On July 5, 1946, the world got its first eyeful of a beautiful woman in a skimpy bathing suit known as a bikini. Inventor French engineer Louis Réard named the modern bikini it after Bikini Atoll in the Pacific, the site of nuclear weapon tests a few days earlier. Although two-piece suits had been on the scene for several years, they covered a lot more skin than Réard’s model, advertised as “le plus petit maillot de bain du monde” (luh ploo puhtee myowe duh bahn due mond) “the smallest swimsuit in the world,” so small that it could actually fit in a match box held in the model’s hand. Another French designer, Jacques Heim, had introduce a two-piece in 1932, but the bottoms were more like shorts and the top was more like a T-shirt – not the itsy-bitsy suit of Réard.
Réard, a car engineer, turned to designing swimwear when he started working at his mother’s Parisian lingerie shop. He understood the need to make a big splash with the teeny scraps of fabric and planned to launch this fashion bombshell at Paris’ Piscine Molitor, a public pool. The problem was finding a model who would be willing to reveal so much skin. The solution was to find someone who habitually revealed even more. Micheline Bernardini, a dancer who regularly took it all off at the Casino de Paris nightclub wore the newspaper patterned suit. The nuclear fision Réard was looking for happened. The look and the name have been an integral part of summer ever since.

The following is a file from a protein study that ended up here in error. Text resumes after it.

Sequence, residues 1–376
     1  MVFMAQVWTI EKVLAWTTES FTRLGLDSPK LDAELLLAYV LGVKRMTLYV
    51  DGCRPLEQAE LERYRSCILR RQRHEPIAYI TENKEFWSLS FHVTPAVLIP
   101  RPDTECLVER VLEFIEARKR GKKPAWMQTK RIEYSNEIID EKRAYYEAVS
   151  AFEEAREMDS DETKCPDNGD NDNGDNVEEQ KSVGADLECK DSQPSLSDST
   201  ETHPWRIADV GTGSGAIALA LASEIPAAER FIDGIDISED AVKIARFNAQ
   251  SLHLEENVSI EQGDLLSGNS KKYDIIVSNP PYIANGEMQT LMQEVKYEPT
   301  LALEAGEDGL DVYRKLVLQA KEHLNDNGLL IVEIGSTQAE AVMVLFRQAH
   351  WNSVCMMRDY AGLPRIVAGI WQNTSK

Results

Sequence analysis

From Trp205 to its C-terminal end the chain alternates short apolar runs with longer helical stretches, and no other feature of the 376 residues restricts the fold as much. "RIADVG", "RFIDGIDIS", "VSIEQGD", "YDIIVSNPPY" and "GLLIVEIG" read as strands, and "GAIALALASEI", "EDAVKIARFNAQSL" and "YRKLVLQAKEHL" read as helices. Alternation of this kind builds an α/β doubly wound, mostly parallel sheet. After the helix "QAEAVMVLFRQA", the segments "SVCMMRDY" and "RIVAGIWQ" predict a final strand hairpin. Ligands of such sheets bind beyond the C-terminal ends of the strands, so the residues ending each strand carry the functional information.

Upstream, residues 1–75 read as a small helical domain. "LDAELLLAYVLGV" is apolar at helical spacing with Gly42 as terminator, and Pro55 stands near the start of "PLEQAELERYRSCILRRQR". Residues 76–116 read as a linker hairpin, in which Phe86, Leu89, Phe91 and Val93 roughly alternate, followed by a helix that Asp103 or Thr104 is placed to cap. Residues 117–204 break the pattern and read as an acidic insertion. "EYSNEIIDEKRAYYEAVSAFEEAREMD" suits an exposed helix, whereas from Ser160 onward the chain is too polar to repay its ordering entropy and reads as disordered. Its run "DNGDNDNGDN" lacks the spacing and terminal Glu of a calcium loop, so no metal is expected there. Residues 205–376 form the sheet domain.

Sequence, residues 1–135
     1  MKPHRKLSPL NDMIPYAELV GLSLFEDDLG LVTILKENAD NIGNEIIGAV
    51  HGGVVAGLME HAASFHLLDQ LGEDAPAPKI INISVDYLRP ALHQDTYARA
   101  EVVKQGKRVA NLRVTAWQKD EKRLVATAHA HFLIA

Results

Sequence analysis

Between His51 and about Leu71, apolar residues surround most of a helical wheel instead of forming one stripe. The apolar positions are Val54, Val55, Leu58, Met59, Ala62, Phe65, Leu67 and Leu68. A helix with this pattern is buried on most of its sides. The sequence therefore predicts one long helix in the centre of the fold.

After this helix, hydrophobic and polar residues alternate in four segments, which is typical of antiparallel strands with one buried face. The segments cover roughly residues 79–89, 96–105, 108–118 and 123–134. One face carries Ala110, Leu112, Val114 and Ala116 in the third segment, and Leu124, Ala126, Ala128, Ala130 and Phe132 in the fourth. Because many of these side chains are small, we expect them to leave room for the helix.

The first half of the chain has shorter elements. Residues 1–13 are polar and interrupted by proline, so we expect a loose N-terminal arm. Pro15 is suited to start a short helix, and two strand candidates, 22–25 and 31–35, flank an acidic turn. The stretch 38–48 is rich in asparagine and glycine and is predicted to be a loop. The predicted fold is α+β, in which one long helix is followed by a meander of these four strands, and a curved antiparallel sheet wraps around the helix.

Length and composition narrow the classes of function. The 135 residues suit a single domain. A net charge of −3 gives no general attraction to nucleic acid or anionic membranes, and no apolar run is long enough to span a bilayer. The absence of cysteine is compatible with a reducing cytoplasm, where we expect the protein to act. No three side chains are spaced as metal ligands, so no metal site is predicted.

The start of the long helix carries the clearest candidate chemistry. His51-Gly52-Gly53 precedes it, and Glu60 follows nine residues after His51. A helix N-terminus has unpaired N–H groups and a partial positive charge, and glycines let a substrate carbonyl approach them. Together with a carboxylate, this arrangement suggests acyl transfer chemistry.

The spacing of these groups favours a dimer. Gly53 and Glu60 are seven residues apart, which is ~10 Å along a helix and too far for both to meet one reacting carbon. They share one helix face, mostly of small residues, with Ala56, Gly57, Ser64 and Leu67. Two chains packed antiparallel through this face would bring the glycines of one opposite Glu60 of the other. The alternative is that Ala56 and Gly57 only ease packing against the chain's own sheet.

- Celebrating the BikiniCelebrating the Bikini (kjmmyblog.wordpress.com)
- Teeny Weeny Bikini (everydayfamily.com)
- Suit Yourself: Swimwear Trends To Try This Summer (herchelhopepuyos.wordpress.com)
- Les Chiffres de Fashion Week (onequalitythefinest.com)
- Swimwear Fashion Trends – What factors dictate swimwear fashion trends year after year (thebikinipolice.com)